Respiratory therapists frequently teach their patients some specialized breathing techniques.
This can help elevate some of the symptoms that are associated with asthma, high blood pressure, shortness of breath, chronic obstructive pulmonary disease, and sleep apnea.
If you practice them regularly, it can help get rid of the lungs of accumulated stale air, thus, increasing the blood oxygen levels.
Moreover, they can help get the diaphragm to return to its job of helping you breathe.
Even as a healthy individual, you can experience the calming and rejuvenating effects of these techniques.
Thus, they can help improve the overall respiratory health and lung capacity.
Let’s discuss these exercises as follows:
Diaphragmatic breathing is the right way of breathing.
However, most individuals do not practice it.
If you have limited lung capacity then you might be taking short, shallow breaths, which is an indicator of improper breathing.
A proper breath will draw enough air into your lungs.
Rhus, pushing your diaphragm down and visibly expanding your belly.
This is why it is called “belly breathing”/
Follow these steps to engage in deep breathing:
Sit up straight, with one hand on the stomach and the other on your chest.
Inhale slowly and deeply through the nostrils, feeling your stomach expanding with each, diaphragmatic breath.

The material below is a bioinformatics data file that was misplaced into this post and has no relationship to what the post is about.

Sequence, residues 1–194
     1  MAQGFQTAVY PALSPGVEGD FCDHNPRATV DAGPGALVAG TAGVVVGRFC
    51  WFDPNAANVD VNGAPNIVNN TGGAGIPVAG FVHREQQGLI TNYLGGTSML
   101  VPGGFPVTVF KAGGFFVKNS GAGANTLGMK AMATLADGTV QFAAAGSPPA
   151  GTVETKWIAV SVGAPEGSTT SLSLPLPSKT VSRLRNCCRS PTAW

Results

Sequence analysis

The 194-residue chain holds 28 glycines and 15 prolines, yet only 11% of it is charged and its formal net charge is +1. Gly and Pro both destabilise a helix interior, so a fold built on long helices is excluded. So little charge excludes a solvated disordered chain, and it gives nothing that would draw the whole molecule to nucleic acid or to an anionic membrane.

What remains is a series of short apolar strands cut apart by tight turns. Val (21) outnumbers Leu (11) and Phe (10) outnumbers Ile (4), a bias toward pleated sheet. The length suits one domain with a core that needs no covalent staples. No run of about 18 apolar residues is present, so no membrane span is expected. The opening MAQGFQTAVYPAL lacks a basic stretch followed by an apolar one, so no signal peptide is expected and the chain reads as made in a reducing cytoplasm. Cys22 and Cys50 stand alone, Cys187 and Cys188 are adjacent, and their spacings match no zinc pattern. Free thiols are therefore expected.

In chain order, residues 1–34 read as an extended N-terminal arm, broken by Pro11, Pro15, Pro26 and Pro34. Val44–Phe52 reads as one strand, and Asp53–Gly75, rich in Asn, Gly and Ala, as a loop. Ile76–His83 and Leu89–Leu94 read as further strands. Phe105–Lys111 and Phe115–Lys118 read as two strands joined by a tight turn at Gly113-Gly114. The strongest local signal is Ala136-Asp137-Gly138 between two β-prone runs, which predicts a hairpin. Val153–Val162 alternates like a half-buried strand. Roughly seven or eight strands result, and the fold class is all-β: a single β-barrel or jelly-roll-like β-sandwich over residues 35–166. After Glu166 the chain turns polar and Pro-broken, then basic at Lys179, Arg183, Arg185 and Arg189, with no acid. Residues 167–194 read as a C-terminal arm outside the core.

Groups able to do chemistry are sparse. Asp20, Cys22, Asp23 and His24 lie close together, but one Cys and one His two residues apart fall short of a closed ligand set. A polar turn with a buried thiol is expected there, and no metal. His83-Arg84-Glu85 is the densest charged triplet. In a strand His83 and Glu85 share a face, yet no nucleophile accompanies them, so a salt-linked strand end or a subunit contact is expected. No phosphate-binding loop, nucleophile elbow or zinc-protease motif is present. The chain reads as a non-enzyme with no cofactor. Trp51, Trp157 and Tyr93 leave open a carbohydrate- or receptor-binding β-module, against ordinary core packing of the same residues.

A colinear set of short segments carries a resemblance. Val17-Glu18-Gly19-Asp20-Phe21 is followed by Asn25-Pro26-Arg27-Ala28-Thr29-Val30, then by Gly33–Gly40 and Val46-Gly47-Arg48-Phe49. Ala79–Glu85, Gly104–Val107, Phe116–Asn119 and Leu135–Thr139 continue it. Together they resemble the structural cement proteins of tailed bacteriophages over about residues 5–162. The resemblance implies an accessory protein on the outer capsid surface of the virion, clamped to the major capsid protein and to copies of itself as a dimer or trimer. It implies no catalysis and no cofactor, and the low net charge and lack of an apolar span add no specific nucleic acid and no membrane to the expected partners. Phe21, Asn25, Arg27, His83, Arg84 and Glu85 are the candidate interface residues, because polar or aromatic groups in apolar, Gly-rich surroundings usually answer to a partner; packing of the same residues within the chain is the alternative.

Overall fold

Exhale out slowly and repeat 6 or more times, each minute for up to 15 minutes.
This one is a popular method to improve your overall breathing and is also one of the fast ways to fall asleep.
Most often doctors advise or suggest that you can drift off to sleep in less than a minute using this approach.
Part of the success of 4-7-8 techniques is their ability to ease tension and promote relaxation.
Thus, practicing the following breathing exercise can help reduce stress and anxiety.
This can help provide relief from insomnia, mood swings, and food cravings.
For this exercise, follow the steps below:
Breathe out fully through your mouth, creating a wind-like ‘whoosh’ noise.
Keeping your mouth closed, inhale through your nose and count for 4 silently.
Hold your breath while counting to 7 and exhale through your mouth for a count of 8.
Thus, repeating the ‘whoosh’ sound again.
Repeat these steps at least 4 to 5 times a day.
You might not be monitoring your blood oxygen levels regularly, however, if you have any health disorder, to may need to check them more often with the help of pulse oximetry. For this, you can use a pulse oximeter to get the reading or get an ABG test for an accurate reading.
Although it does have a margin of error, a pulse ox is usually accurate. However, if your doctor needs more accurate reading, they may order an ABG Test.
If you do need to raise your blood oxygen level, then your doctor or health care provider may advise you to get supplemental oxygen. Thus, it is important to follow the instructions of your doctor on how home oxygen can be used to avoid any complications. Also avoid going to high altitude as well.